38. “Lighthizer, Camera, Action.”
  39. Scott Kennedy, “Made in China 2025,” Center for Strategic and International Studies (CSIS) (website), 1 June 2015, accessed 9 November 2017,
  40. Bob Davis and Eva Dou, “China Unleashes a Chip War,” The Wall Street Journal, 28 July 2017, 1. According to Robert Gilpin, industrial policy refers to “deliberate efforts by a government to determine the structure of the economy through … financial subsidies, trade protection, or government procurement.” Robert Gilpin, Global Political Economy: Understanding the International Economic World Order (Princeton, NJ: Princeton University Press, 2001), 154.
  41. Eva Dou, “Beijing Discreetly Backs a Drive for Chips,” The Wall Street Journal, 31 July 2017, B4. The government-controlled China Integrated Circuit Industry Investment Fund Co. was announced in 2014 with $20 billion in capital.
  42. 4. Mark P. Thirlwell, “The Return of Geo-economics: Globalisation and National Security” (Sydney: Lowy Institute for International Policy, September 2010), 2.
  43. Benn Steil and Robert E. Litan, Financial Statecraft: The Role of Financial Markets in American Foreign Policy (New Haven, CT: Yale University Press, 2006), 1. The U.S. Army War College conveniently transforms this categorization into the acronym DIME.
  44. Hillary Rodham Clinton, “Sidebar on Economic Statecraft,” U.S. Department of State (website), 15 November 2011, accessed 9 November 2017,
  45. Blackwill and Harris, War by Other Means, 49.
  46. Zachary K. Goldman and Elizabeth Rosenberg, American Economic Power & the New Face of Financial Warfare (Washington, DC: Center for a New American Security [CNAS], 17 June 2015), 1.
  47. Elizabeth Rosenberg et al., New Tools of Economic Warfare: Effects and Effectiveness of Contemporary U.S. Financial Sanctions (Washington, DC: CNAS, April 2016), 9–11. The CNAS has published an excellent series of reports on financial sanctions and economic statecraft, available through their Economic Statecraft Series online at
  48. James K. Jackson, U.S. Direct Investment Abroad: Trends and Current Issues (Washington, DC: CRS, 29 June 2017), 1. Blackwill and Harris, War by Other Means, 53.
  49. Friedman, The Lexus and the Olive Tree, 114–16.
  50. Blackwill and Harris, War by Other Means, 54.
  51. Ibid., 53–57.
  52. Ibid., 57.
  53. Rosenberg et al., New Tools of Economic Warfare, 10.
  54. Juan C. Zarate, Treasury’s War: The Unleashing of a New Era of Financial Warfare (New York: PublicAffairs, 2013), 44.
  55. To understand the role of the U.S. dollar in global financial and monetary affairs, refer to Eswar S. Prasad, The Dollar Trap: How the U.S. Dollar Tightened Its Grip on Global Finance (Princeton, NJ: Princeton University Press, 2014). Another good source on the dollar and monetary policy is Benjamin Cohen, Currency Power: Understanding Monetary Rivalry (Princeton, NJ: Princeton University Press, 2015). Finally, for an excellent discussion on central banking, Neil Irwin, The Alchemists: Three Central Bankers and a World on Fire (New York: Penguin Books, 2013).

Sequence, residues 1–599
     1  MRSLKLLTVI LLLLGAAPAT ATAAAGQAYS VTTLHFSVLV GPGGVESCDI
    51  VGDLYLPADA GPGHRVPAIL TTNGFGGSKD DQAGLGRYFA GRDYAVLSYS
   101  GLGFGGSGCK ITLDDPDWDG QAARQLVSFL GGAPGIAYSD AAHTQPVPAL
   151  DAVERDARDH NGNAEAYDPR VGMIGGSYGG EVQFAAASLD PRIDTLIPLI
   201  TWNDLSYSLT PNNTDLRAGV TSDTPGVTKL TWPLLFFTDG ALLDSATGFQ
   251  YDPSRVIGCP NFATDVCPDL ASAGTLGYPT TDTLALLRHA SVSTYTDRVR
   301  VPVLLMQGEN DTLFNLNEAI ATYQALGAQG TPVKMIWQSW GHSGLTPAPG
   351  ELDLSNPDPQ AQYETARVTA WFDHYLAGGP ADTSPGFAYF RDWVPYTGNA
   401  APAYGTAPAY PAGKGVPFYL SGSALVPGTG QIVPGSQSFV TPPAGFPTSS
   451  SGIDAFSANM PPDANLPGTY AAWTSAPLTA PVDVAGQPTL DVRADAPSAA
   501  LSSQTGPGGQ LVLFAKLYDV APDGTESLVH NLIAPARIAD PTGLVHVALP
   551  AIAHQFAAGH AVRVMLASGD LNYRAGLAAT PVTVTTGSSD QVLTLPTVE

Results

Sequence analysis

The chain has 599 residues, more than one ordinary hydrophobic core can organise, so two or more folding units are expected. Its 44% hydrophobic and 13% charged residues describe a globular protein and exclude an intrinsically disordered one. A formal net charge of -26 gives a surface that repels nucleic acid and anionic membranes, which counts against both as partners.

56. Benn Steil, “Taper Trouble: The International Consequences of Fed Policy,” Foreign Affairs 93, no. 4 (July/August 2014): 54–55. See also Blackwill and Harris, War by Other Means, 21.
  57. Blackwill and Harris include several sections that address monetary affairs: 74–84, 140–46, 190–92.
  58. Ibid., 68–74.
  59. “What Is Energy Security?,” International Energy Agency (website), accessed 9 November 2017,
  60. Angel Saz-Carranza and Marie Vandendriessche, “Routes to Energy Security: The Geopolitics of Gas Pipelines between the EU and Its Southeastern Neighbors,” in The New Politics of Strategic Resources: Energy and Food Security Challenges in the 21st Century, eds. David Steven, Emily O’Brien, and Bruce Jones (Washington, DC: Brookings Institution Press, 2015), 118.
  61. Blackwill and Harris, War by Other Means, 85.
  62. 6. For a thorough review of the global energy sector, refer to Daniel Yergin, The Quest: Energy, Security, and the Remaking of the Modern World (New York: Penguin Books, 2010).
  63. Blackwill and Harris, War by Other Means, 219; Kurt M. Campbell, The Pivot: The Future of American Statecraft in Asia (New York: Twelve, 2016), 270.
  64. Blackwill and Harris, War by Other Means, 60.
  65. Ibid., 28.
  66. Ibid., 29. The authors argue that a cyberattack against infrastructure should be considered geoeconomics, but doing so greatly expands the range of potential instruments and actions to make the geoeconomics distinction almost meaningless.